Lois Ilene Walker Sept. 21, 1920 – Sept. 23, 2017 | VailDaily.com

Lois Ilene Walker Sept. 21, 1920 – Sept. 23, 2017

Lois Ilene Walker, lifelong Gypsum resident, left her earthly home for heaven on Saturday, Sept. 23, surrounded by her family. She was 97 years old and had lived a full and rewarding life. Lois spent the first 14 years of her life in a cozy two-room log cabin on Cottonwood Pass, along with her mother and father, Florence and Noble Stevenson, and her younger brother, Bobby.

When Lois was 14, the Stevenson family added to their ranch by purchasing some adjoining land with a much larger log home. Lois and her family moved into the larger home and continued raising sheep and cattle on their Cottonwood ranch.

Lois’ elementary school years were spent in a one-room school house known as the Upper Gypsum School at the corner of Dagget Lane and Valley Road south of Gypsum. She and Bobby often rode their horse, Shadrack, the seven miles to school. When the snow got deep, Florence and her two children would stay in a cabin nearer to the schoolhouse. Lois graduated from Gypsum High School in 1939 and spent her first year of college at Park College, in Missouri, living with her aunt and uncle, Rose and Dr. Russell Etzenhouser.

After one year at Park, Lois wanted to be back in the mountains and nearer to her home, so she spent the next four years at Western State College in Gunnison. After graduating with a teaching degree, Lois began her teaching career in a one-room schoolhouse near Olathe. It was there that she met her husband, Dean. They were married for 64 years before Dean passed away in 2010.

After their marriage, they moved to Grand Junction, where Lois taught school and Dean worked at Safeway as a meat cutter. After a few years in Grand Junction, they decided to try their hand at herding sheep on Cottonwood. A rainy summer in a leaky sheep-herding tent with bears gobbling up their sheep made them realize there were easier ways to make a living and they began working on the ranch with Lois’ folks while living on 80 acres located at the base of Hardscrabble Mountain.

In 1950, their first child, Karen, was born. Shortly thereafter, the family moved back to Grand Junction. In 1952, a son, Larry, was born. Shortly after Larry’s birth, Lois’s brother was killed in a car wreck. Two months later, Florence and Noble, along with Bobby’s two children, died in a fire when their home on Cottonwood Pass burned to the ground on a cold night in January of 1953. This was a difficult time for Lois as her entire immediate family was gone within a couple of months. Since no one was left except for Lois and Dean to run the ranch, the family moved back to the house near Hardscrabble Mountain, which was commonly referred to by them as “The Old Farm.”

When Karen started first grade, Lois took a job teaching sixth grade at Gypsum Elementary. The five-mile drive to school each day included driving down a dirt road with five wire gates that had to be opened and closed before getting to school. After a year of gate opening, as well as record snowfalls that required hours of plowing the dirt road leading to the Cooley Mesa road, Lois and Dean found a house to rent in the town of Gypsum.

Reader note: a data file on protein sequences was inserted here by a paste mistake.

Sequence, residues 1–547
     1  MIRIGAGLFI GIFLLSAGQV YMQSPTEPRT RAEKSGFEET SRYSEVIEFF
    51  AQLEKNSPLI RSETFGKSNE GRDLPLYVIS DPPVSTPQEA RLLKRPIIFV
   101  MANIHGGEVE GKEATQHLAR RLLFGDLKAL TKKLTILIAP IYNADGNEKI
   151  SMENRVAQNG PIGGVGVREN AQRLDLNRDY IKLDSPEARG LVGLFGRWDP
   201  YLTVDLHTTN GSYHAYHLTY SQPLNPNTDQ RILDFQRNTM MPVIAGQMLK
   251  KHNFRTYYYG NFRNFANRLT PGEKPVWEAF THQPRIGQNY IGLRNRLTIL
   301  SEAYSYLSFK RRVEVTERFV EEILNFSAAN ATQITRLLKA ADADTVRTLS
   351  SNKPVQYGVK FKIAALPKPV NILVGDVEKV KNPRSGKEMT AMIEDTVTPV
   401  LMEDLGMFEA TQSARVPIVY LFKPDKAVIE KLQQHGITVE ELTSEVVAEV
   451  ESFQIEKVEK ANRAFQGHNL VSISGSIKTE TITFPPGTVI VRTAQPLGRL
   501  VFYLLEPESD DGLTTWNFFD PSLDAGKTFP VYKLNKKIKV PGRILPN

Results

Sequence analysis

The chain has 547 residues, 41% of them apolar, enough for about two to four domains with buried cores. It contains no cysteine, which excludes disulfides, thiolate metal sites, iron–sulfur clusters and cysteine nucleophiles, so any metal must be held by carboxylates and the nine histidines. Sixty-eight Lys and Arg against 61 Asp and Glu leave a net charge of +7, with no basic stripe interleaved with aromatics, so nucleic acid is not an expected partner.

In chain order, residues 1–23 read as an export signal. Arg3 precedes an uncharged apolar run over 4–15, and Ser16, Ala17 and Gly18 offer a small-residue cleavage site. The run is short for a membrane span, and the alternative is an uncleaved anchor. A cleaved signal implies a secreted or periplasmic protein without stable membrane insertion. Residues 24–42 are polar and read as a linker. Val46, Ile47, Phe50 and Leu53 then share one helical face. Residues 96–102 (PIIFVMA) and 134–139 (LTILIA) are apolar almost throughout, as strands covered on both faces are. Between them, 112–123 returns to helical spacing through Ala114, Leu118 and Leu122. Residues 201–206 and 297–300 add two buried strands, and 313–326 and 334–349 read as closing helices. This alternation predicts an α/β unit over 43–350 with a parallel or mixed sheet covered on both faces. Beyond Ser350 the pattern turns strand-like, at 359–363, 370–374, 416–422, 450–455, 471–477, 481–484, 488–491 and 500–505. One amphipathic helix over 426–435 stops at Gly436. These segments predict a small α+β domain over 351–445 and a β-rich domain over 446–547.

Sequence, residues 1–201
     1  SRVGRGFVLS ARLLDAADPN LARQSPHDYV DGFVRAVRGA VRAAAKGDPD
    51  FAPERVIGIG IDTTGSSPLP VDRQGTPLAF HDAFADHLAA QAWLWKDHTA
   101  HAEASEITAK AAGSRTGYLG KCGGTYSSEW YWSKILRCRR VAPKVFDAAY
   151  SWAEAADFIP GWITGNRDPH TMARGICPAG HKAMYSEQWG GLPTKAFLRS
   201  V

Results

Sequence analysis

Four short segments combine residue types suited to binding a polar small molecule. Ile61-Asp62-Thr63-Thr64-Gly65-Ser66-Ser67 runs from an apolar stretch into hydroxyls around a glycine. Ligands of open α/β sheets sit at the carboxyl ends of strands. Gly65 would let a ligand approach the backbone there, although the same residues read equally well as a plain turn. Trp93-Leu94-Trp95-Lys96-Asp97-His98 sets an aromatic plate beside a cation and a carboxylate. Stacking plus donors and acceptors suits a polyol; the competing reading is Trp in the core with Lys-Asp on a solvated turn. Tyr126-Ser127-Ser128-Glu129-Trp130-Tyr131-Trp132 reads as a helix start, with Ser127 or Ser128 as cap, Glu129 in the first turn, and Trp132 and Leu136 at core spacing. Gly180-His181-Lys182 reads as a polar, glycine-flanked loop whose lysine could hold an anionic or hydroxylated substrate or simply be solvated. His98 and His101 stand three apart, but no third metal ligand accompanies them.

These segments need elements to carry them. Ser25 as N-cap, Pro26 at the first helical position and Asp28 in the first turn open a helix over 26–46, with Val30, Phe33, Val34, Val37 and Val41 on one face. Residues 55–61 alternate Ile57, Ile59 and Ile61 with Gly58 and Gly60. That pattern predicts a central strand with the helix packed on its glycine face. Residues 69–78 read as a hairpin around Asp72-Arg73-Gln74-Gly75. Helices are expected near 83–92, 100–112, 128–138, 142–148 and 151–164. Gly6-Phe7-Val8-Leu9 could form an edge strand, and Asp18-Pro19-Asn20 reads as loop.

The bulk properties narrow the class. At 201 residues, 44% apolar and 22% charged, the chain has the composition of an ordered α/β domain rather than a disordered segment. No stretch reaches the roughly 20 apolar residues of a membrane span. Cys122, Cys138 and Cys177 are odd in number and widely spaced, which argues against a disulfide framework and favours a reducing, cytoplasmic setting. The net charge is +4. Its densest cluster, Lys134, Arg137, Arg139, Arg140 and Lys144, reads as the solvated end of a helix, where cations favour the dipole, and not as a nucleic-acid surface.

Dean was able to lease some land owned by Kate Strohm, whose land was located behind the old Gypsum Elementary School on Eagle Street. The house they rented and later bought was on Second Street, close to both the ranch and farm land for Dean and the school for Lois and their two children. While living on Second Street, Lois formed a lifelong friendship with Juanita Eaton, who lived across the street. In the summer, their daily routine included a coffee break nearly every morning. During the school year, their coffee breaks were less frequent, but they would always find time to catch up on all the news of family and mutual friends.

Lois spent the next 30 years teaching school in Gypsum and Eagle. She taught fifth and sixth grade in Gypsum for several years, then in third grade at Eagle Elementary, retiring in 1984. Upon retirement, Lois spent her time gardening, sewing, cooking, caring for her family, helping Dean with the ranch, serving as an active member in Gypsum Methodist Church, volunteering with the historical society, visiting with her good friends, and serving as a board member for the Cedar Hill Cemetery in Gypsum.

Lois is survived by her two children, Karen Wood and Larry Walker, four grandchildren: Joe Wood, Jenny (Tony) Leonetti, Josh (Kasey) Wood, Jared Wood; and great-granddaughters Deana, Leah, Collie, Krisha and Landree; along with numerous other relatives. Lois was preceded in death by her husband, Dean, and one granddaughter, Dani Walker, her parents, Florence and Noble Stevenson, and brother, Bobby Stevenson, as well as many aunts, uncles and cousins.

Services will be held on Saturday, Sept. 30, beginning at 11 a.m. at Eagle Baptist Church.

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